I’ve been a special needs parent for almost 11 years now. In all this time I have learned so much, not only about my kids, but also about myself.
I could say that special needs parenting is such a pleasure and just so rewarding. The problem with that is that it’s simply not true, at least for me and my experience. While it’s true that special needs parenting can be rewarding, in my experience, it’s also tedious, overwhelming, exhausting as well as financially and emotionally draining.
My experience raising three boys in different places on the Autism Spectrum, has been one of great challenge.
I often find myself constantly putting out fires as apposed to actually making forward progress.
I was thinking today about why that is, and I think I have figured out some of the problem, at least as far as the Lost and Tired family is concerned.
I think the problem for me is that there is often no clear cut right or wrong. When we arrive at a problem on this journey (which we so often do), there is nothing, to tell me how to proceed. Many of the problems we encounter, revolve around health or behavioral issues with my wife and kids.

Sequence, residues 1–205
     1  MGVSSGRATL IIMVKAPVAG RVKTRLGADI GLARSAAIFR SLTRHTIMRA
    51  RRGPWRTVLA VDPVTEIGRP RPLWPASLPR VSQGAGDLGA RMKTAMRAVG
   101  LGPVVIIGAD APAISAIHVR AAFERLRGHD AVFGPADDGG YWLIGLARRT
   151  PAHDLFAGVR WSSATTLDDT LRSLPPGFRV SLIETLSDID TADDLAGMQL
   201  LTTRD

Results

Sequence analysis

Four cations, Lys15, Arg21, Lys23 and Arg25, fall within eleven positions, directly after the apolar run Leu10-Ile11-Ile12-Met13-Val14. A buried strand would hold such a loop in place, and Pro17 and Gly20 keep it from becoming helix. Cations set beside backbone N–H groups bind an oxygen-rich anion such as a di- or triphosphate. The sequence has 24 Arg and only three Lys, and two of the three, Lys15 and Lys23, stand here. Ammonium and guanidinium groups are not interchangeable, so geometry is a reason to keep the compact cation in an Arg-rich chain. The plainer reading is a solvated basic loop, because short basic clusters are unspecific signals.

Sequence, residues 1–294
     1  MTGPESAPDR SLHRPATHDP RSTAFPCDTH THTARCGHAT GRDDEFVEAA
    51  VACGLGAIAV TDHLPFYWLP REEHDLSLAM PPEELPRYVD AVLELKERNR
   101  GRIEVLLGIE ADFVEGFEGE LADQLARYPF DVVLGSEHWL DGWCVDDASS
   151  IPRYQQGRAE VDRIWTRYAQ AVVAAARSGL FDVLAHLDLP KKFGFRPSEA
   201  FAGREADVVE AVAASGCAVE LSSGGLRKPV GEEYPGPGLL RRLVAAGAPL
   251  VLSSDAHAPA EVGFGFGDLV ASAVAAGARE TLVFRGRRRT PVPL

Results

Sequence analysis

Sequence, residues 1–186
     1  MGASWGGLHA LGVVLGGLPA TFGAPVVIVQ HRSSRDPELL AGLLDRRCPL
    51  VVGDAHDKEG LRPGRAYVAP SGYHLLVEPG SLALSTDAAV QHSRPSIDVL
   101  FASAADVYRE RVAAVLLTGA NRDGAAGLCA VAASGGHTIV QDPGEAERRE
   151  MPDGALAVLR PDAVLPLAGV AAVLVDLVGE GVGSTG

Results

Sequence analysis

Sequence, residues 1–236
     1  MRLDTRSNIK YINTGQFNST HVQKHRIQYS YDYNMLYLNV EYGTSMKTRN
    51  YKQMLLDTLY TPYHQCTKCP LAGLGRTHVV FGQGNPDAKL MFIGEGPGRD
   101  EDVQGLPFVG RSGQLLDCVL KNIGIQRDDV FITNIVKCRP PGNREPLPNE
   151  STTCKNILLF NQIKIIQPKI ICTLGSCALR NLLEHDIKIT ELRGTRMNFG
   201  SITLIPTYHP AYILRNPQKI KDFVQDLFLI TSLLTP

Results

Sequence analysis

With the health and behavioral issues, there is never a definitive right or wrong approach, at least not an obvious one. Most of what I do is guess work, based on past experience. Sometimes it works out and other times it doesn’t.
The very nature of Autism, is one of profound dynamics. Meaning that, at least in our case, things are always changing. What works to manage a meltdown today, may not work tomorrow. Along the same lines, something that works with one child, more often than not, only works on that child.
The biggest questions I’m left with is, How do you know.....anything for that matter?
Attempting to navigate this treacherous road is often like trying to hit a moving target while blindfolded. It’s not easy and so often feels down right impossible.
With my children, the only thing that is consistent, is inconsistency. Trying to predict behaviors or reactions is extremely difficult and is likely why I have such a horrible track record of behavioral predictions with my unique kids.
When faced with these challenging situations, how are you supposed to know what the heck to do?
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